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BMC Musculoskelet Disord. 2020 Feb 8;21(1):89. doi: 10.1186/s12891-020-3098-7.

Lower-limb muscle strength: normative data from an observational population-based study.

Author information

1
School of Medicine, Deakin University, Geelong, VIC, 3220, Australia. julie.pasco@deakin.edu.au.
2
Department of Medicine - Western Health, The University of Melbourne, St Albans, Australia. julie.pasco@deakin.edu.au.
3
Department of Epidemiology and Preventive Medicine, Monash University, Melbourne, Australia. julie.pasco@deakin.edu.au.
4
Barwon Health, Geelong, Australia. julie.pasco@deakin.edu.au.
5
School of Medicine, Deakin University, Geelong, VIC, 3220, Australia.
6
Department of Medicine - Western Health, The University of Melbourne, St Albans, Australia.
7
Barwon Health, Geelong, Australia.

Abstract

BACKGROUND:

The extent of muscle deterioration associated with ageing or disease can be quantified by comparison with appropriate reference data. The objective of this study is to present normative data for lower-limb muscle strength and quality for 573 males and 923 females aged 20-97 yr participating in the Geelong Osteoporosis Study in southeastern Australia.

METHODS:

In this cross-sectional study, measures of muscle strength for hip flexors and hip abductors were obtained using a Nicholas manual muscle tester, a hand-held dynamometer (HHD; kg). Leg lean mass was measured by dual energy x-ray absorptiometry (DXA; kg), and muscle quality calculated as strength/mass (N/kg).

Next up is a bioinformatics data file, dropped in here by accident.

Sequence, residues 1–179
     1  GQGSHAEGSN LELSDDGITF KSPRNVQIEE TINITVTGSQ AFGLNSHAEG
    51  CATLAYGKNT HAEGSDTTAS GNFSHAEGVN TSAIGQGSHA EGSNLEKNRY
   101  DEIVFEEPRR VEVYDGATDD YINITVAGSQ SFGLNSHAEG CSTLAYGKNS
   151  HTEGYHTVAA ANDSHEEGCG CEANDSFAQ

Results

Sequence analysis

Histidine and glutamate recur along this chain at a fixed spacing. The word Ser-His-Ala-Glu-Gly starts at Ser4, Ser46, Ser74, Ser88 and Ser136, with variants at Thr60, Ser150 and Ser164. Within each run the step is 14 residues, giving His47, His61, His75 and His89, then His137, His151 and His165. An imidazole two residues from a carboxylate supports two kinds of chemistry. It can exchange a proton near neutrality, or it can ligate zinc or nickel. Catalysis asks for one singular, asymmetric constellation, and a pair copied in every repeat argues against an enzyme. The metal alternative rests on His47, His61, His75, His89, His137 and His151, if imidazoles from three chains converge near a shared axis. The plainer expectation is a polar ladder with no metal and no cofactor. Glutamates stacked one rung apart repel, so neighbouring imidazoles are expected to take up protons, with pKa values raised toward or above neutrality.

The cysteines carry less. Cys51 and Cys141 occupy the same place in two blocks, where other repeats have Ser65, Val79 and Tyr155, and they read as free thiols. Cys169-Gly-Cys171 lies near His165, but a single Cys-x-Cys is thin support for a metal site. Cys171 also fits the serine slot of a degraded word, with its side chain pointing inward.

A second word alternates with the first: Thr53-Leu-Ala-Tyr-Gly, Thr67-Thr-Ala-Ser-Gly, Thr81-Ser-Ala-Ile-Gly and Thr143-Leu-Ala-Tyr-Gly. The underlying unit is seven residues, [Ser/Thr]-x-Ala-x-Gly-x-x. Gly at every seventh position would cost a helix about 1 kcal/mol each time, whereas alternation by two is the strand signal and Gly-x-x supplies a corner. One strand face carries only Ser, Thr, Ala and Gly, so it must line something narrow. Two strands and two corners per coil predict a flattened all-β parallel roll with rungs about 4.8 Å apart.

RESULTS:

For both sexes, muscle strength and quality decreased with advancing age. Age explained 12.9-25.3% of the variance in muscle strength in males, and 20.8-24.6% in females; age explained less of the variance in muscle quality. Means and standard deviations for muscle strength and quality for each muscle group are reported by age-decade for each sex, and cutpoints equivalent to T-scores of - 2.0 and - 1.0 were derived using data from young males (n = 89) and females (n = 148) aged 20-39 years.

CONCLUSIONS:

These data will be useful for quantifying the extent of dynapenia and poor muscle quality among adults in the general population in the face of frailty, sarcopenia and other age-related muscle dysfunction.

KEYWORDS:

Dynapenia; Hand-held dynamometry; Manual muscle test; Reference values; Sarcopenia; Specific force

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